We look at how to get the most from Live’s Electric instrument.
With a little work under the lid of the classic Rhodes and Wurlitzer electric pianos you can create a highly customised sound. You can find many sampled versions of both models, but nothing beats physical modelling for creating your own electric piano sounds. For that, Live has you covered with Electric, included in Live Session and available as a €79$99 add-on to Live Standard. Electric was developed in partnership with Applied Acoustics Systems (www.applied-acoustics.com) and is derived from their electric piano plug-in, Lounge Lizard EP4 ($199). Aside from graphics, the primary difference between Electric and Lounge Lizard is that Lounge Lizard includes a larger bank of presets and an effects section well suited to electric pianos (tremolo, EQ, compression, amp and cabinet, reverb and a slew of time-based special effects). The extra convenience is well worth considering, especially if you’re a keyboard player. I’ll start with a look at Electric’s controls in the context of classic electric pianos and then move on to some sound-design possibilities.
When an electric piano’s key is pressed, a hammer (called Mallet in Electric and labelled #1 in screen 1) hits a metal rod called a tine (2a). The tine’s vibration starts the tone bar (2b) vibrating and the two reinforce each other. The vibrations are converted to an electrical signal by the pickup (4). When the key is released a damper (3) presses against the tine and stops the vibration. Electric’s controls vary the modelling of the characteristics of each of these components to produce a wide variety of tones.
If you’re not that familiar with electric pianos, a good way to get a sense of the sounds that are possible with a Rhodes or Wurly is to audition the Electric factory presets that emulate them. These are found in the Piano & Keys section of Electric presets and their names start with ‘MkI,’ ‘MkII’ and ‘Wurli.’ The many other Electric presets in that folder are also worth a listen. The Rack presets (those with a vertical bar through their icon) add various effects, which while interesting, can obscure the role of Electric.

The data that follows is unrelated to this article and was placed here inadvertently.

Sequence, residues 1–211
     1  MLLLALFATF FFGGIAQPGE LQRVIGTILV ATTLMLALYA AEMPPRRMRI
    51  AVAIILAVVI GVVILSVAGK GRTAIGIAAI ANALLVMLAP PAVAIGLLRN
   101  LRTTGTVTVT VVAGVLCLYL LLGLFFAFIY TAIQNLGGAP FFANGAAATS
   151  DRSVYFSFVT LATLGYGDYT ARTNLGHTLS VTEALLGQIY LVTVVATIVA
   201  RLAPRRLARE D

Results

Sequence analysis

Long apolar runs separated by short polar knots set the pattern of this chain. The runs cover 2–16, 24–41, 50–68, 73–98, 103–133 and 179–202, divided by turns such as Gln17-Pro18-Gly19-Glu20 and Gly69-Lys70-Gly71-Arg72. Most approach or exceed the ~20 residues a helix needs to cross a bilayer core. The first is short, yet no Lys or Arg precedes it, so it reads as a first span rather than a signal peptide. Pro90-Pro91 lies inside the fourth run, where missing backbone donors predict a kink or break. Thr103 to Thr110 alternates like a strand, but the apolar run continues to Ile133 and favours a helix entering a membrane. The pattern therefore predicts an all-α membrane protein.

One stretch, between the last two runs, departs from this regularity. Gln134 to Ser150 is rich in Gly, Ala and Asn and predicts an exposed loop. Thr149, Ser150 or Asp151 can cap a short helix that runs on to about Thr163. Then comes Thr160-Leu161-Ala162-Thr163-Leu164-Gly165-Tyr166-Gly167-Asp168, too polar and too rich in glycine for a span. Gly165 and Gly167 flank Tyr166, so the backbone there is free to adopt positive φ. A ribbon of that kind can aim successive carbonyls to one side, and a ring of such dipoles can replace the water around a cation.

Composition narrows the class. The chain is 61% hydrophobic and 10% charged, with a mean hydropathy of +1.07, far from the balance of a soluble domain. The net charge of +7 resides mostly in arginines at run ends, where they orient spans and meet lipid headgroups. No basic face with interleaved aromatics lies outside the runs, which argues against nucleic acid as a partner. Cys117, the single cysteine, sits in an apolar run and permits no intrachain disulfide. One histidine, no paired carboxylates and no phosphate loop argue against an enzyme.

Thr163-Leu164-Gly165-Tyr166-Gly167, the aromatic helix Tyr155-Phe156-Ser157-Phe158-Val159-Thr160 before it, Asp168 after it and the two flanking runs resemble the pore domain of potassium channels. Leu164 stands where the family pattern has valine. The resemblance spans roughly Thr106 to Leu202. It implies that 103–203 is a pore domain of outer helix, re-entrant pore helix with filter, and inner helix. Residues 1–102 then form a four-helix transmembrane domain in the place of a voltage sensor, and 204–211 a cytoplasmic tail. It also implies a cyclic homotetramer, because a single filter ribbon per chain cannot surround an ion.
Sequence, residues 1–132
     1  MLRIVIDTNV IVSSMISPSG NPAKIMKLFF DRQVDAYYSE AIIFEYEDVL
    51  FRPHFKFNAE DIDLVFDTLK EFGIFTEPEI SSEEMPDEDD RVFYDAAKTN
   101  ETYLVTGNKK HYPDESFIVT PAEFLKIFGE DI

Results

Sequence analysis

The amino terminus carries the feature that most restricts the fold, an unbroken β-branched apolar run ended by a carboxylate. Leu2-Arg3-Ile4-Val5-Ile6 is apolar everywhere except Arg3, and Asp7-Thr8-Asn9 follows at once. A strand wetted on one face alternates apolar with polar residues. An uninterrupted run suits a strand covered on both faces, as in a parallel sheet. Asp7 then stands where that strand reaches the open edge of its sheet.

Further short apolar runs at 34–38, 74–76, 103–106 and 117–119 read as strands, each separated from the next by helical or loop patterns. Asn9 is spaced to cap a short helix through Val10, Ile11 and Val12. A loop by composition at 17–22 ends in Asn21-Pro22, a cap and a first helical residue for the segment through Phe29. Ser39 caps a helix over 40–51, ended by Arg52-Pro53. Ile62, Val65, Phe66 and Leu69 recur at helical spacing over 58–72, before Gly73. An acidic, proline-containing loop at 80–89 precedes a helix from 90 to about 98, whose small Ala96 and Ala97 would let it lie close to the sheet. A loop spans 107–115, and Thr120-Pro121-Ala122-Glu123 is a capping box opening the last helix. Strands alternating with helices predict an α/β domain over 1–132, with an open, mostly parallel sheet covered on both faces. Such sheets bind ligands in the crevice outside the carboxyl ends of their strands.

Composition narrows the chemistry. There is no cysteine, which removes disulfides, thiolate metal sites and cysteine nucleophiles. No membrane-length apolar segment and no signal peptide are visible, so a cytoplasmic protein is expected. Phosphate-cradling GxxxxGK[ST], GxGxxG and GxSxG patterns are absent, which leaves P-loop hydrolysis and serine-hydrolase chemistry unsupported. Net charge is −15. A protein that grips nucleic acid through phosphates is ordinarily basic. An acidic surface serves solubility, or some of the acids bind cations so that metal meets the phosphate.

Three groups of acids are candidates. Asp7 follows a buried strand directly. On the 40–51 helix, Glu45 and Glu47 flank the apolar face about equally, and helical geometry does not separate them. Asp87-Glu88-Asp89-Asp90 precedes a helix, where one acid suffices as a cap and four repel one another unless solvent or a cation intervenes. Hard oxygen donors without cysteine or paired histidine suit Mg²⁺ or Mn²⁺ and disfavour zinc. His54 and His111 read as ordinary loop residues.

Here are a few tips for setting the controls in each section:
- Mallet: greater Stiffness produces more metallic sounds, and greater Force generates more harmonics. Settings much below 50 percent for either control produce weak sounds. The Noise controls affect the onset sound when the mallet strikes the tine. The effect is subtle so increase the Noise Decay and Level settings to hear the sound and then back them off to taste. The Pitch knob controls the pitch of the onset sound, not the pitch of the note.
- Fork: the Tine settings affect the sound of the mallet striking the tine, whereas the Tone settings affect the sound and duration of the tone-bar vibrations. Turn one’s level down and the other’s up to hear the difference.
- Damper: controls the sound of the damper leaving (on key press) and hitting (on key release) the tine. This sound is also subtle; turn the Tine and Damper levels way up and the Mallet level down to hear it.
- Pickup: the R(hodes) and W(urly) buttons select the type of pickup modelled, and they can result in very different sounds for each of the other components. Try swapping them on any of the Rhodes or Wurly presets mentioned above.
- Key and Vel: many of the controls have associated Vel and Key settings ranging from -100 percent to 100 percent. These control the effect of MIDI Note Velocity and Note Number on the parameter controlled by the knob directly above them.